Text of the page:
$y = X\beta + Zu_1 + Zu_2 + Zu_S + \epsilon$

with:

$u_1$ ~ N(0, $K_1$$\sigma^2_u1$) $u_2$ ~ N(0, $K_2$$\sigma^2_u2$) $u_s$ ~ N(0, $K_3$$\sigma^2_us$)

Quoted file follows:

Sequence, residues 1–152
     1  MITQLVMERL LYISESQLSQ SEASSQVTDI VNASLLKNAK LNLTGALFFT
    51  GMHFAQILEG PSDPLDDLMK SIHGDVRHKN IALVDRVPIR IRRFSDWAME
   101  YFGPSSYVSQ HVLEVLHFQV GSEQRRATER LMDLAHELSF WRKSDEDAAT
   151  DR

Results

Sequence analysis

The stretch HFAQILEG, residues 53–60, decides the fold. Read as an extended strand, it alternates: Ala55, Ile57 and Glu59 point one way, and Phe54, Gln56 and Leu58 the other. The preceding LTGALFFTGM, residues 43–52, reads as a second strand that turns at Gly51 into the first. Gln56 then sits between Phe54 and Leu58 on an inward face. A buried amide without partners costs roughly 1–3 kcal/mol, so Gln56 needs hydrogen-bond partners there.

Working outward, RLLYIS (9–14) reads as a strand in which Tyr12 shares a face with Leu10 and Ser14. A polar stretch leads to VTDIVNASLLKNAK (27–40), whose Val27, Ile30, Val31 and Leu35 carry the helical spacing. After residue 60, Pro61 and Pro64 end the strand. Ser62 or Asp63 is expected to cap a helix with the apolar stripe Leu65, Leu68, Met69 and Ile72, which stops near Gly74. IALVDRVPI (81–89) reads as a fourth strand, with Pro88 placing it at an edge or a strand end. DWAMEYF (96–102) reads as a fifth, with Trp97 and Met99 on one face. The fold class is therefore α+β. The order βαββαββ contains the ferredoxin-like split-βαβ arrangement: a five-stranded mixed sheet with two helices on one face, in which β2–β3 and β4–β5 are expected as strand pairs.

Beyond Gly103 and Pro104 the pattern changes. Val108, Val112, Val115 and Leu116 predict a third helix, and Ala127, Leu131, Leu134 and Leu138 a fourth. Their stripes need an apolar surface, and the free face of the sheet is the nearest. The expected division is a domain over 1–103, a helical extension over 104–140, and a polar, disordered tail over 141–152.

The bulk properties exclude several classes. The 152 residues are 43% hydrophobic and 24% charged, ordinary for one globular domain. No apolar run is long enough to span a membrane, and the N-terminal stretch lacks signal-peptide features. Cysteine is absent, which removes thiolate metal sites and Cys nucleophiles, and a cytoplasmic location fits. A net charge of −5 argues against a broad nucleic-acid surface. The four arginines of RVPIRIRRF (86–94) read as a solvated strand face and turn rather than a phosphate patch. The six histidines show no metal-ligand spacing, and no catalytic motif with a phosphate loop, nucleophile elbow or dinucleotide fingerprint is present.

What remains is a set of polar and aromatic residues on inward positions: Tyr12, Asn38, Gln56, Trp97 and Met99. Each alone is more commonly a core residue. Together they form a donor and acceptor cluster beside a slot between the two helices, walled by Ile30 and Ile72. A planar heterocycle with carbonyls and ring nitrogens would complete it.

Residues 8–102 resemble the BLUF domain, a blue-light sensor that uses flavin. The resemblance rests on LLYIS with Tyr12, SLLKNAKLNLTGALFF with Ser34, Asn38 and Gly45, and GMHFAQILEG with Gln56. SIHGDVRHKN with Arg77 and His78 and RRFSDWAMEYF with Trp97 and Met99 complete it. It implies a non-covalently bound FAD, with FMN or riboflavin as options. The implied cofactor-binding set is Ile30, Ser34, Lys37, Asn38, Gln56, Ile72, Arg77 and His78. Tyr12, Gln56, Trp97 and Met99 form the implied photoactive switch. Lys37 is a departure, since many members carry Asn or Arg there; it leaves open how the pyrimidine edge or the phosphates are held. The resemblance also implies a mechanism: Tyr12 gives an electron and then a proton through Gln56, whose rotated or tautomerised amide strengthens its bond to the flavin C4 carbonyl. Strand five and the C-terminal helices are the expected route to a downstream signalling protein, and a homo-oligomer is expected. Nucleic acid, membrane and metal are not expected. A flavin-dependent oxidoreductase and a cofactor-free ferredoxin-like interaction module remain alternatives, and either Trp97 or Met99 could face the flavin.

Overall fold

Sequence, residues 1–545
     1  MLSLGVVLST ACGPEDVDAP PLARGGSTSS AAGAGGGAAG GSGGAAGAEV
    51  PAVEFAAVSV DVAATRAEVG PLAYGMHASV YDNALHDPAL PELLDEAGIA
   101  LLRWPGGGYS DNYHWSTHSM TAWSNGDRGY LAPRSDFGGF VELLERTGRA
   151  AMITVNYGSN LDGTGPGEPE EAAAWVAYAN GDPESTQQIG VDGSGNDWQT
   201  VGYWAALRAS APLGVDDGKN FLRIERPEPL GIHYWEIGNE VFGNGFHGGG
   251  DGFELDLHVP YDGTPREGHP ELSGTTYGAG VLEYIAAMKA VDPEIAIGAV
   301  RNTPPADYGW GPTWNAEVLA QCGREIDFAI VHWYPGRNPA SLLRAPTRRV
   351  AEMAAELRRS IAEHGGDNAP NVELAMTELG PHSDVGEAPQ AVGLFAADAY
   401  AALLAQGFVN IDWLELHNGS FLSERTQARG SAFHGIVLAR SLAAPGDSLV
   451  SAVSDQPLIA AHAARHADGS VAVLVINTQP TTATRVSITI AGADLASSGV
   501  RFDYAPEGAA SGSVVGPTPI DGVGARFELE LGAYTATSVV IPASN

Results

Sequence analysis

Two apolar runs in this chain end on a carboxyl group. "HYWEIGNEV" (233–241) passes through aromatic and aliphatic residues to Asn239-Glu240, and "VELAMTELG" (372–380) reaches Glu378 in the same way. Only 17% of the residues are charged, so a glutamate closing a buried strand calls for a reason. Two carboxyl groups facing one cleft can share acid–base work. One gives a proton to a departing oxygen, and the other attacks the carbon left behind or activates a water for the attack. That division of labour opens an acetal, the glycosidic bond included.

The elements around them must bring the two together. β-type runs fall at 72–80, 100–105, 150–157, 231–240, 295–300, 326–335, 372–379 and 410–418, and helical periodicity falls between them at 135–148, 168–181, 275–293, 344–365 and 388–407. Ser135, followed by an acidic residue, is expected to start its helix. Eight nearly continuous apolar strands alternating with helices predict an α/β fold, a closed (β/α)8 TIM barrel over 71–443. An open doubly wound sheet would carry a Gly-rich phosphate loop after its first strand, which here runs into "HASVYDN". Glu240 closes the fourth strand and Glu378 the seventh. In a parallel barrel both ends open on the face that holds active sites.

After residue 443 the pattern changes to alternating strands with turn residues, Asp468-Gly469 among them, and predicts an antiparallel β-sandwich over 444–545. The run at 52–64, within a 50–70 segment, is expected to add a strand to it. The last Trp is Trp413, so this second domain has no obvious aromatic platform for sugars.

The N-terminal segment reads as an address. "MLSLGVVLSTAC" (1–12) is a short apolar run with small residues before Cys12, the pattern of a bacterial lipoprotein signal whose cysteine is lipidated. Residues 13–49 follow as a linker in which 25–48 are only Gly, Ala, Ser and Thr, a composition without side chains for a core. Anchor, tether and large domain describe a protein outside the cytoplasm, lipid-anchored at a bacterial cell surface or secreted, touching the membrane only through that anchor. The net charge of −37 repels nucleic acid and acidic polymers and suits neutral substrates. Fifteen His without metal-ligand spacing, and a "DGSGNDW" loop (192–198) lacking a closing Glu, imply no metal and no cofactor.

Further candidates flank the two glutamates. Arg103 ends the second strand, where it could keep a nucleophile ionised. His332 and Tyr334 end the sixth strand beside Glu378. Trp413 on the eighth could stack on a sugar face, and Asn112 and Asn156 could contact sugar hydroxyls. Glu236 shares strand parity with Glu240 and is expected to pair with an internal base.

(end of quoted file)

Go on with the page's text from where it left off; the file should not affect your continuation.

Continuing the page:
And we can specify the K matrices. The main difference between this model and the full and half diallel designs is the fact that this model will include variance covariance structures in each of the three random effects (GCA1, GCA2 and SCA) to be able to predict the crosses that have not ocurred yet. We will use the data published by Technow et al. (2015) to show how to do prediction of single crosses. ```{r} # data(DT_technow) # DT <- DT_technow # Md <- (Md_technow*2) - 1 # Mf <- (Mf_technow*2) - 1 # Ad <- A.mat(Md) # Af <- A.mat(Mf) # Ad <- Ad + diag(1e-4, ncol(Ad), ncol(Ad)) # Af <- Af + diag(1e-4, ncol(Af), ncol(Af)) # # simulate some missing hybrids to predict # y.trn <- DT # vv1 <- which(!is.na(DT$GY)) # vv2 <- sample(DT[vv1,"hy"], 100) # y.trn[which(y.trn$hy %in% vv2),"GY"] <- NA # ans2 <- lmebreed(GY ~ (1|dent) + (1|flint), # relmat = list(dent=Ad, # flint=Af), # verbose = FALSE, data=y.trn) # vc <- VarCorr(ans2); print(vc,comp=c("Variance")) # # # take a extended dataset and fit a dummy model # # just to get required matrices # y.tst <- y.trn; y.tst$GY <- imputev(y.tst$GY) # ans2p <- update(ans2, # start = getME(ans2, "theta"), # data = y.tst, # control = lmerControl(check.nobs.vs.nlev = "ignore", # check.nobs.vs.rankZ = "ignore", # check.nobs.vs.nRE="ignore", # optCtrl = list(maxeval= 1), # calc.derivs = FALSE)) # # re <- ranef(ans2p) # # Pdent <- as.matrix(re$dent[,1,drop=FALSE]) %*% Matrix(1, ncol=nrow(re$flint), nrow=1) # Pflint <- as.matrix(re$flint[,1,drop=FALSE]) %*% Matrix(1, ncol=nrow(re$dent), nrow=1) # P <- Pdent + t(Pflint); colnames(P) <- rownames(re$flint) # # preds <- real <- numeric() # for(iHyb in vv2){ # parents <- strsplit(iHyb,":")[[1]] # preds[iHyb] <- P[which(rownames(P) %in% parents),which(colnames(P) %in% parents)] # real[iHyb] <- DT[which(DT$hy == iHyb),"GY"] # } # plot(preds, real) # cor(preds, real) ``` In the previous model we only used the GCA effects (GCA1 and GCA2) for practicity, altough it's been shown that the SCA effect doesn't actually help that much in increasing prediction accuracy, but does increase a lot the computation intensity required since the variance covariance matrix for SCA is the kronecker product of the variance covariance matrices for the GCA effects, resulting in a 10578 x 10578 matrix that increases in a very intensive manner the computation required. A model without covariance structures would show that the SCA variance component is insignificant compared to the GCA effects. This is why including the third random effect doesn't increase the prediction accuracy. ### 8) Spatial modeling: using the 2-dimensional spline We will use the CPdata to show the use of 2-dimensional splines for accomodating spatial effects in field experiments. In early generation variety trials the availability of seed is low, which makes the use of unreplicated designs a neccesity more than anything else. Experimental designs such as augmented designs and partially-replicated (p-rep) designs are becoming ever more common these days. In order to do a good job modeling the spatial trends happening in the field, special covariance structures have been proposed to accomodate such spatial trends (i.e. autoregressive residuals; ar1). Unfortunately, some of these covariance structures make the modeling rather unstable. More recently, other research groups have proposed the use of 2-dimensional splines to overcome such issues and have a more robust modeling of the spatial terms (Lee et al. 2013; Rodríguez-Álvarez et al. 2018). In this example we assume an unreplicated population where row and range information is available which allows us to fit a 2 dimensional spline model. ```{r} data(DT_cpdata) DT <- DT_cpdata # add the units column DT$units <- as.factor(1:nrow(DT)) # get spatial incidence matrix Zs <- with(DT, tps(Row, Col))$All rownames(Zs) <- DT$units # reduce the matrix to its PCs Z = with(DT, redmm(x=units, M=Zs, nPC=100)) # create dummy variable spatial <- (rep(colnames(Z), nrow(DT)))[1:nrow(DT)] # fit model mix1 <- lmebreed(Yield~ (1|Rowf) + (1|Colf) + (1|spatial), addmat =list(spatial=Z), control = lmerControl( check.nobs.vs.nlev = "ignore", check.nobs.vs.rankZ = "ignore", check.nobs.vs.nRE="ignore" ), verbose = FALSE, data=DT) vc <- VarCorr(mix1); print(vc,comp=c("Variance")) ``` Notice that the job is done by the `spl2Da()` function that takes the `Row` and `Col` information to fit a spatial kernel. ### 9) Multivariate genetic models and genetic correlations Sometimes is important to estimate genetic variance-covariance among traits--multi-reponse models are very useful for such a task. Let see an example with 2 traits (`color`, `Yield`) and a single random effect (genotype; `id`) although multiple effects can be modeled as well. We need to use a variance covariance structure for the random effect to be able to obtain the genetic covariance among traits. ```{r} # data(DT_cpdata) # DT <- DT_cpdata # GT <- GT_cpdata # MP <- MP_cpdata # #### create the variance-covariance matrix # A <- A.mat(GT) # additive relationship matrix # A <- A + diag(1e-4, ncol(A), ncol(A)) # #### look at the data and fit the model # head(DT) # DT2 <- stackTrait(data=DT, traits = c("Yield","color")) # head(DT2$long) # # mix1 <- lmebreed(valueS~ (0+trait|id), # relmat=list(id=A), # control = lmerControl( # check.nobs.vs.nlev = "ignore", # check.nobs.vs.rankZ = "ignore", # check.nobs.vs.nRE="ignore" # ), verbose = FALSE, # data=DT2$long) # vc <- VarCorr(mix1); print(vc,comp=c("Variance")) ``` Now you can extract the BLUPs using `ranef(ans.m)`. Also, genetic correlations and heritabilities can be calculated easily. ```{r} # cov2cor(vc$id) ``` ## SECTION 2: Special topics in Quantitative genetics ### 1) Partitioned model The partitioned model was popularized by () to show that marker effects can be obtained by fitting a GBLUP model to reduce the computational burden and then recover them by creating some special matrices MM' for GBLUP and M'(M'M)- to recover marker effects. Here we show a very easy example using the DT_cpdata: ```{r} # data("DT_cpdata") # DT <- as.data.frame(DT_cpdata) # M <- GT_cpdata # # ################ # # PARTITIONED GBLUP MODEL # ################ # # MMT <-tcrossprod(M) ## MM' = additive relationship matrix # MMTinv<-solve(MMT) ## inverse # MTMMTinv<-t(M)%*%MMTinv # M' %*% (M'M)- # # mix.part <- lmebreed(color ~ (1|id), # relmat = list(id=MMT), # control = lmerControl( # check.nobs.vs.nlev = "ignore", # check.nobs.vs.rankZ = "ignore", # check.nobs.vs.nRE="ignore" # ), verbose = FALSE, # data=DT) # # #convert BLUPs to marker effects me=M'(M'M)- u # re <- ranef(mix.part)$id # me.part<-MTMMTinv[,rownames(re)]%*%matrix(re[,1],ncol=1) # plot(me.part) ``` As can be seen, these two models are equivalent with the exception that the partitioned model is more computationally efficient. ### 2) UDU' decomposition Lee and Van der Warf (2015) proposed a decomposition of the relationship matrix A=UDU' together with a transformation of the response and fixed effects Uy = Ux + UZ + e, to fit a model where the phenotypic variance matrix V is a diagonal because the relationship matrix is the diagonal matrix D from the decomposition that can be inverted easily and make multitrait models more feasible. ```{r} # # data("DT_wheat") # rownames(GT_wheat) <- rownames(DT_wheat) # G <- A.mat(GT_wheat) # Y <- data.frame(DT_wheat) # # # make the decomposition # UD<-eigen(G) # get the decomposition: G = UDU' # U<-UD$vectors # D<-diag(UD$values)# This will be our new 'relationship-matrix' # rownames(D) <- colnames(D) <- rownames(G) # X<-model.matrix(~1, data=Y) # here: only one fixed effect (intercept) # UX<-t(U)%*%X # premultiply X and y by U' # UY <- t(U) %*% as.matrix(Y) # multivariate # # # dataset for decomposed model # DTd<-data.frame(id = rownames(G) ,UY, UX =UX[,1]) # DTd$id<-as.character(DTd$id) # head(DTd) # # modeld <- lmebreed(X1~ UX + (1|id), # relmat=list(id=D), # control = lmerControl( # check.nobs.vs.nlev = "ignore", # check.nobs.vs.rankZ = "ignore", # check.nobs.vs.nRE="ignore" # ), verbose = FALSE, # data=DTd) # vc <- VarCorr(modeld); print(vc,comp=c("Variance")) # # # dataset for normal model # DTn<-data.frame(id = rownames(G) , DT_wheat) # DTn$id<-as.character(DTn$id) # # modeln <- lmebreed(X1~ (1|id), # relmat=list(id=G), # control = lmerControl( # check.nobs.vs.nlev = "ignore", # check.nobs.vs.rankZ = "ignore", # check.nobs.vs.nRE="ignore" # ), verbose = FALSE, # data=DTn) # # ## compare regular and transformed blups # red <- ranef(modeld)$id # ren <- ranef(modeln)$id # plot(x=(solve(t(U)))%*% red[colnames(D),], # y=ren[colnames(D),], # xlab="UDU blup", ylab="blup") # ``` As can be seen, the two models are equivalent. Despite the fact that lme4breeding doesn't take a great advantage of this trick because it was built for dense matrices using the Armadillo library. Other software may be better using this trick. ### 3) Mating designs Estimating variance components has been a topic of interest for the breeding community for a long time. Here we show how to calculate additive and dominance variance using the North Carolina Design I (Nested design) and North Carolina Design II (Factorial design) using the classical Expected Mean Squares method and the REML methods from lme4breeding and how these two are equivalent. #### North Carolina Design I (Nested design) ```{r} data(DT_expdesigns) DT <- DT_expdesigns$car1 DT <- aggregate(yield~set+male+female+rep, data=DT, FUN = mean) DT$setf <- as.factor(DT$set) DT$repf <- as.factor(DT$rep) DT$malef <- as.factor(DT$male) DT$femalef <- as.factor(DT$female) #levelplot(yield~male*female|set, data=DT, main="NC design I") ############################## ## Expected Mean Square method ############################## mix1 <- lm(yield~ setf + setf:repf + femalef:malef:setf + malef:setf, data=DT) MS <- anova(mix1); MS ms1 <- MS["setf:malef","Mean Sq"] ms2 <- MS["setf:femalef:malef","Mean Sq"] mse <- MS["Residuals","Mean Sq"] nrep=2 nfem=2 Vfm <- (ms2-mse)/nrep Vm <- (ms1-ms2)/(nrep*nfem) ## Calculate Va and Vd Va=4*Vm # assuming no inbreeding (4/(1+F)) Vd=4*(Vfm-Vm) # assuming no inbreeding(4/(1+F)^2) Vg=c(Va,Vd); names(Vg) <- c("Va","Vd"); Vg ############################## ## REML method ############################## mix2 <- lmebreed(yield~ setf + setf:repf + (1|femalef:malef:setf) + (1|malef:setf), verbose = FALSE, data=DT) vc <- VarCorr(mix2); print(vc,comp=c("Variance")) Vfm <- vc$`femalef:malef:setf` Vm <- vc$`malef:setf` ## Calculate Va and Vd Va=4*Vm # assuming no inbreeding (4/(1+F)) Vd=4*(Vfm-Vm) # assuming no inbreeding(4/(1+F)^2) Vg=c(Va,Vd); names(Vg) <- c("Va","Vd"); Vg ``` As can be seen the REML method is easier than manipulating the MS and we arrive to the same results. #### North Carolina Design II (Factorial design) ```{r} DT <- DT_expdesigns$car2 DT <- aggregate(yield~set+male+female+rep, data=DT, FUN = mean) DT$setf <- as.factor(DT$set) DT$repf <- as.factor(DT$rep) DT$malef <- as.factor(DT$male) DT$femalef <- as.factor(DT$female) #levelplot(yield~male*female|set, data=DT, main="NC desing II") head(DT) N=with(DT,table(female, male, set)) nmale=length(which(N[1,,1] > 0)) nfemale=length(which(N[,1,1] > 0)) nrep=table(N[,,1]) nrep=as.numeric(names(nrep[which(names(nrep) !=0)])) ############################## ## Expected Mean Square method ############################## mix1 <- lm(yield~ setf + setf:repf + femalef:malef:setf + malef:setf + femalef:setf, data=DT) MS <- anova(mix1); MS ms1 <- MS["setf:malef","Mean Sq"] ms2 <- MS["setf:femalef","Mean Sq"] ms3 <- MS["setf:femalef:malef","Mean Sq"] mse <- MS["Residuals","Mean Sq"] nrep=length(unique(DT$rep)) nfem=length(unique(DT$female)) nmal=length(unique(DT$male)) Vfm <- (ms3-mse)/nrep; Vf <- (ms2-ms3)/(nrep*nmale); Vm <- (ms1-ms3)/(nrep*nfemale); Va=4*Vm; # assuming no inbreeding (4/(1+F)) Va=4*Vf; # assuming no inbreeding (4/(1+F)) Vd=4*(Vfm); # assuming no inbreeding(4/(1+F)^2) Vg=c(Va,Vd); names(Vg) <- c("Va","Vd"); Vg ############################## ## REML method ############################## mix2 <- lmebreed(yield~ setf + setf:repf + (1|femalef:malef:setf) + (1|malef:setf) + (1|femalef:setf), verbose = FALSE, data=DT) vc <- VarCorr(mix2); print(vc,comp=c("Variance")) Vfm <- vc$`femalef:malef:setf` Vm <- vc$`malef:setf` Vf <- vc$`femalef:setf` Va=4*Vm; # assuming no inbreeding (4/(1+F)) Va=4*Vf; # assuming no inbreeding (4/(1+F)) Vd=4*(Vfm); # assuming no inbreeding(4/(1+F)^2) Vg=c(Va,Vd); names(Vg) <- c("Va","Vd"); Vg ``` As can be seen, the REML method is easier than manipulating the MS and we arrive to the same results. ### 4) GWAS by GBLUP Gualdron-Duarte et al. (2014) and Bernal-Rubio et al. (2016) proved that in (SingleStep)GBLUP or RRBLUP/SNP-BLUP, dividing the estimate of the marker effect by its standard error is mathematically equivalent to fixed regression EMMAX GWAS, even if markers are estimated as random effects in GBLUP and as fixed effects in EMMAX. That way fitting a GBLUP model is enough to perform GWAS for additive and on-additive effects. Let us use the DT_cpdata dataset to explore the GWAS by GBLUP method ```{r} data(DT_cpdata) DT <- DT_cpdata GT <- GT_cpdata#[,1:200] MP <- MP_cpdata M<- GT n <- nrow(DT) # to be used for degrees of freedom k <- 1 # to be used for degrees of freedom (number of levels in fixed effects) ``` Instead of fitting the RRBLUP/SNP-BLUP model we can fit a GBLUP model which is less computationally demanding and recover marker effects and their standard errors from the genotype effects. ```{r} # ########################### # #### GWAS by GBLUP approach # ########################### # MMT <-tcrossprod(M) ## MM' = additive relationship matrix # MMT <- MMT + diag(1e-4, ncol(MMT), ncol(MMT) ) # MMTinv<-solve( MMT ) ## inverse # MTMMTinv<-t(M)%*%MMTinv # M' %*% (M'M)- # # mix.part <- lmebreed(color ~ (1|id) + (1|Rowf) + (1|Colf), # relmat = list(id=MMT), # control = lmerControl( # check.nobs.vs.nlev = "ignore", # check.nobs.vs.rankZ = "ignore", # check.nobs.vs.nRE="ignore" # ), verbose = FALSE, # data=DT) # vc <- VarCorr(mix.part); print(vc,comp=c("Variance")) # mme <- getMME(object=mix.part) # #convert BLUPs to marker effects me=M'(M'M)- u # re <- ranef(mix.part)$id # a.from.g<-MTMMTinv[,rownames(re)]%*%matrix(re[,1],ncol=1) # var.g <- kronecker(MMT[rownames(re),rownames(re)],vc$id) - # mme$Ci[rownames(re),rownames(re) ] # var.a.from.g <- t(M)%*%MMTinv[,rownames(re)]%*% (var.g) %*% t(MMTinv[,rownames(re)])%*%M # se.a.from.g <- sqrt(diag(var.a.from.g)) # t.stat.from.g <- a.from.g/se.a.from.g # t-statistic # pvalGBLUP <- dt(t.stat.from.g,df=n-k-1) # -log10(pval) ``` Now we can look at the p-values coming from the 3 approaches to indeed show that results are equivalent. ```{r} # plot(-log(pvalGBLUP), main="GWAS by GBLUP") ``` ## Literature Giovanny Covarrubias-Pazaran (2024). lme4breeding: enabling genetic evaluation in the age of genomic data. To be submitted to Bioinformatics. Bates Douglas, Maechler Martin, Bolker Ben, Walker Steve. 2015. Fitting Linear Mixed-Effects Models Using lme4. Journal of Statistical Software, 67(1), 1-48. Bernardo Rex. 2010. Breeding for quantitative traits in plants. Second edition. Stemma Press. 390 pp. Gilmour et al. 1995. Average Information REML: An efficient algorithm for variance parameter estimation in linear mixed models. Biometrics 51(4):1440-1450. Henderson C.R. 1975. Best Linear Unbiased Estimation and Prediction under a Selection Model. Biometrics vol. 31(2):423-447. Kang et al. 2008. Efficient control of population structure in model organism association mapping. Genetics 178:1709-1723. Lee, D.-J., Durban, M., and Eilers, P.H.C. (2013). Efficient two-dimensional smoothing with P-spline ANOVA mixed models and nested bases. Computational Statistics and Data Analysis, 61, 22 - 37. Lee et al. 2015. MTG2: An efficient algorithm for multivariate linear mixed model analysis based on genomic information. Cold Spring Harbor. doi: http://dx.doi.org/10.1101/027201. Maier et al. 2015. Joint analysis of psychiatric disorders increases accuracy of risk prediction for schizophrenia, bipolar disorder, and major depressive disorder. Am J Hum Genet; 96(2):283-294. Rodriguez-Alvarez, Maria Xose, et al. Correcting for spatial heterogeneity in plant breeding experiments with P-splines. Spatial Statistics 23 (2018): 52-71. Searle. 1993. Applying the EM algorithm to calculating ML and REML estimates of variance components. Paper invited for the 1993 American Statistical Association Meeting, San Francisco. Yu et al. 2006. A unified mixed-model method for association mapping that accounts for multiple levels of relatedness. Genetics 38:203-208. Tunnicliffe W. 1989. On the use of marginal likelihood in time series model estimation. JRSS 51(1):15-27.